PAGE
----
This is the second part of my look back at 2013. Last year I touched on some of my personal travel highlights and looked back at some of the biggest promotions. Today I want to look at the (unwelcome) trend of the year – devaluations.
A good loyalty programme should work both ways. In return for your loyalty to them, I believe that you are owed some ‘loyalty’ in return – and that should mean no sudden detrimental changes. In a broader sense, it should also mean no major changes at all – there is nothing ‘loyal’ about saving points over months or years only to have the rug pulled from under you with a huge devaluation.
Let’s start with the hotel programmes. Pretty much every major scheme announced a devaluation this year.
The winner of ‘worst’ devaluation depends on how you redeem. If you prefer to redeem for luxury properties, then the Hilton devaluation in February set some new benchmark. Top hotels jumped, in some cases, from 50,000 points to 95,000 points overnight. What was laughable was that even the owners of some top Hilton properties complained, because redemptions fell off a cliff and the hotel relied on them to fill their rooms.
Hilton also raised the number of nights and stays required to reach Gold and Diamond. The biggest jump was for Gold, which went from 16 stays to 20 stays.
For those who prefer to redeem in mid-scale hotels, the IHG Rewards Club / Priority Club devaluation was worse. Whilst InterContinental redemptions remained at 50,000 points, cheaper hotels in big cities were pushed up sharply. This led to a similar sort of madness – who would redeem 35,000 points for a Holiday Inn Express in London when the InterContinental Park Lane is only 50,000?!
More importantly, IHG made it almost impossible to retain Platinum purely from hotel spend by only counting ‘base spending’. You now need to spend $4,000, pre-tax, in their hotels to reach Platinum – or spend £99 on the fee for the Priority Club Black credit card.
Marriott and Hyatt carried out a devaluation by stealth. Both chains added a new ‘top category’ of redemption – with a new points level – and shuffled the other hotels around, generally upwards. Marriott (read here) was more aggressive than Hyatt (read here), although Hyatt also cut back their fantastic ’6000 points for a 4-night suite upgrade’ award.
Club Carlson did not devalue. However, they blotted their copybook by slashing the conversion rate to airline miles overnight, with no warning. Similarly, Starwood did not devalue either. They did increase the ‘cash’ element of ‘cash and points’ redemptions, but the upside of this was that (theoretically) more hotels would now offer these.
Part of the problem is the inflationary pressure caused by credit card bonuses in the USA. Whilst UK residents cannot apply for these, we suffer because we get caught up in the inflationary aftermath.
Hyatt, for example, after having avoided all credit card deals for years, suddenly launched its own US card (with a sign-up bonus of 2 free nights) and became a transfer partner for Chase and their credit card points. In the US, people are now swimming in Hyatt points via multiple Chase credit card sign-up bonuses. In Europe, the ONLY way to earn Hyatt points is very slowly, via stays.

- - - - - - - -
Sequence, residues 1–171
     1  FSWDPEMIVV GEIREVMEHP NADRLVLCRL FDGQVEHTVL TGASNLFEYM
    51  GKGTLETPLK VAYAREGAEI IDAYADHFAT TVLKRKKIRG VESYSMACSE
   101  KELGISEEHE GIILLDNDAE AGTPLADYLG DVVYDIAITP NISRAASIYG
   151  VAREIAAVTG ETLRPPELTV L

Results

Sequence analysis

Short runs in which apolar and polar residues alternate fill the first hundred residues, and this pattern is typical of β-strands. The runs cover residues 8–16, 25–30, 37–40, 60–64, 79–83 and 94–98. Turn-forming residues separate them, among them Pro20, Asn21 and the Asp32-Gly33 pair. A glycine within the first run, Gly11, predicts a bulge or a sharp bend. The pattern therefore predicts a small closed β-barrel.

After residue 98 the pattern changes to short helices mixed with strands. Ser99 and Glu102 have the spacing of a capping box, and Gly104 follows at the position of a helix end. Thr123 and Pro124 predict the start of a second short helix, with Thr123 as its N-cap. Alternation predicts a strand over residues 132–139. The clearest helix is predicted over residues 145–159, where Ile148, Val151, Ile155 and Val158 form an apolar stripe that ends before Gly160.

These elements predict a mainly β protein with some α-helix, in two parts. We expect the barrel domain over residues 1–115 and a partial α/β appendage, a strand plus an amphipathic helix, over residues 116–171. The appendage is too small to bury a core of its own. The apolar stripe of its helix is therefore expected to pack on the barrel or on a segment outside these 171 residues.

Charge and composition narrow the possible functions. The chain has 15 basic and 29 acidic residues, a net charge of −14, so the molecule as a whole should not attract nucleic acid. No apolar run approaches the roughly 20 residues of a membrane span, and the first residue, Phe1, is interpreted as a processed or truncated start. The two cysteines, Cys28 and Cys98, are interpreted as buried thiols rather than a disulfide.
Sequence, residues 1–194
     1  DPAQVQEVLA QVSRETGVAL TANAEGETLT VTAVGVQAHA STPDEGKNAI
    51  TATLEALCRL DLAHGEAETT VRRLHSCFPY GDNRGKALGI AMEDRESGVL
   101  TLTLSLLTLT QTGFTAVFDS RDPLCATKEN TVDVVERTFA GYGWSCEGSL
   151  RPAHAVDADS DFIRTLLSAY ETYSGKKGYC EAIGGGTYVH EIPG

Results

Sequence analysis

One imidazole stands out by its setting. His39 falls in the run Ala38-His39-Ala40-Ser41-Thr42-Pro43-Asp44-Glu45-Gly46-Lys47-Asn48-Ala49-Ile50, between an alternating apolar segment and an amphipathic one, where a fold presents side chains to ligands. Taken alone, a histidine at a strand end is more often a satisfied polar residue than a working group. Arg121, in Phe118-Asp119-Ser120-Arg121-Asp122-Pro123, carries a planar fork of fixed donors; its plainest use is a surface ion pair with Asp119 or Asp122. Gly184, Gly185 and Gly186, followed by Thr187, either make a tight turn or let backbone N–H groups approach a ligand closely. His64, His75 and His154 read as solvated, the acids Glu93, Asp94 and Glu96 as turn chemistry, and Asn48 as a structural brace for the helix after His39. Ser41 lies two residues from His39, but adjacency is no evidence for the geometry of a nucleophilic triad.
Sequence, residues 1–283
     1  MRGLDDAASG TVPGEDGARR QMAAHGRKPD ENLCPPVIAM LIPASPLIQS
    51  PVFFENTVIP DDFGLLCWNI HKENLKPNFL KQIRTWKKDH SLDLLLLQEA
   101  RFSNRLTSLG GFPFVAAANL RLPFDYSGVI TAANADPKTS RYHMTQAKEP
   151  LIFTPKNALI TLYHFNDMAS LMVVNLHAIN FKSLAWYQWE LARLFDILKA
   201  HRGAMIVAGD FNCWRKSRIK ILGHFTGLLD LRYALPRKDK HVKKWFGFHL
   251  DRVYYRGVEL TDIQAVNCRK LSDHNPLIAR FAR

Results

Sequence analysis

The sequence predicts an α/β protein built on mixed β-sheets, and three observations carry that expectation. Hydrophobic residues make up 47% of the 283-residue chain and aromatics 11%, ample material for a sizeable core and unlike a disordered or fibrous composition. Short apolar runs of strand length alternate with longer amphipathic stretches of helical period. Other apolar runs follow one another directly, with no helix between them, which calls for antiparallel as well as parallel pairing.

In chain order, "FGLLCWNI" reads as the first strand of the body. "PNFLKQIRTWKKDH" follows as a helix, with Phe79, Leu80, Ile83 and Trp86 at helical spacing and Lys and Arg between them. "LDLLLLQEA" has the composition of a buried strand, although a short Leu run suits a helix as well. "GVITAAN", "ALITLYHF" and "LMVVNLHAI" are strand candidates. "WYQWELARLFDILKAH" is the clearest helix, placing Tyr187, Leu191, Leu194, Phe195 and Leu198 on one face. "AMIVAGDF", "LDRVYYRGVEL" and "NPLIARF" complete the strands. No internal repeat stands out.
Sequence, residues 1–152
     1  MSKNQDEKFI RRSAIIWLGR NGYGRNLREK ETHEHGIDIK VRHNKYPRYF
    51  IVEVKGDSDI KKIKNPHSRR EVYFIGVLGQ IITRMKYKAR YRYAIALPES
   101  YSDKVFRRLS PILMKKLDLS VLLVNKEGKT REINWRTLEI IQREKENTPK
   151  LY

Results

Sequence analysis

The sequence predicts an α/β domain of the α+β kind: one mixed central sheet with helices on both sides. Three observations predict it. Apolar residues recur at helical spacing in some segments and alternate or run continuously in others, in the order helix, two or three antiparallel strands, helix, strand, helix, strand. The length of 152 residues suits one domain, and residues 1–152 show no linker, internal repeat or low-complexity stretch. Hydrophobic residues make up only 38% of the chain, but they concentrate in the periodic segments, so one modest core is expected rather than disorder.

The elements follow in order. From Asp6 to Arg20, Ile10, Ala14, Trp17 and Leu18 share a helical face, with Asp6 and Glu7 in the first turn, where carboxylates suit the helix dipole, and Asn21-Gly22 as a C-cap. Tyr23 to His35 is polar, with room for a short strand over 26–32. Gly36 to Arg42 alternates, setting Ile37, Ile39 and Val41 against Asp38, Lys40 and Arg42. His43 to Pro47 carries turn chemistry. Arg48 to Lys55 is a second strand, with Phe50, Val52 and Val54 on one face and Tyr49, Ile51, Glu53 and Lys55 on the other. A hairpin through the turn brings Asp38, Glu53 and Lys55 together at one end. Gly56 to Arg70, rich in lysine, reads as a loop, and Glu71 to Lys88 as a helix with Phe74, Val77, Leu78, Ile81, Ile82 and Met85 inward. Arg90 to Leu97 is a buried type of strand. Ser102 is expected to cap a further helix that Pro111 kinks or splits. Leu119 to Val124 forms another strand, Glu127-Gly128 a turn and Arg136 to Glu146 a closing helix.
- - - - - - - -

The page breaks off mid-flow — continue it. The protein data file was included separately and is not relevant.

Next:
At least UK residents can apply for the IHG Rewards Club credit card, which comes (£99 version) with free Platinum status. Outside the UK and US, Platinum status now requires $4,000 of pre-tax in-hotel spend.
The airlines have been well behaved this year, at least in Europe. (In the US, there have been some nasty devaluations, with an expected AA one to come following the US Airways merger.)
Avios pushed up Reward Flight Saver fees by another £5. That was offset by the benefits of Qatar, Malaysian and (coming soon) SriLankan and US Airways joining the oneworld alliance.
Virgin Flying Club cut the number of miles needed for economy redemptions AND cut taxes. You will now pay over £100 less per person than the same economy redemption booked using Avios – and use a few less miles as well. Initiatives like ‘Combi Fare’ also show that Virgin is not letting BA make the running on innovation, and scrapping their archaic and draconian cancellation policy was a real step forward.
Flying Blue cut the taxes required for economy redemptions, but this was outweighed by ludicrous increases to business class redemptions. Most serious flyers have abandoned the scheme already, though.
Miles & More didn’t do much, but effectively stopping redemptions in Swiss First Class is a shame.
Transfer bonuses have been harder to come by, though. This is an effective devaluation if you regularly use them. The last Tesco to Avios bonus was July 2012, although there was a Virgin one this year. The last three Amex to Avios transfer bonuses have been targeted, and the bonus has dropped – the last one offered just 20% to most people.
For me, the biggest upside was Emirates Skywards becoming an Amex partner, although I admit this is a minority interest! This offset the annoyance of Jumeirah being dropped, although oddly it remains a partner for the Amex International Dollar / Euro Cards.
As you can see from the above moves, loyalty schemes are not really a two-way street. As the economy picks up and occupancy rates (hotels) and load factors (airlines) improve, redemption opportunities will be tougher than they were. That said, good deals will always be there for the taking, if you know where to look. The aim of Head for Points is to point you in the right direction!
Tomorrow, in the last part of this look back, I take a look at the credit card scene in 2013.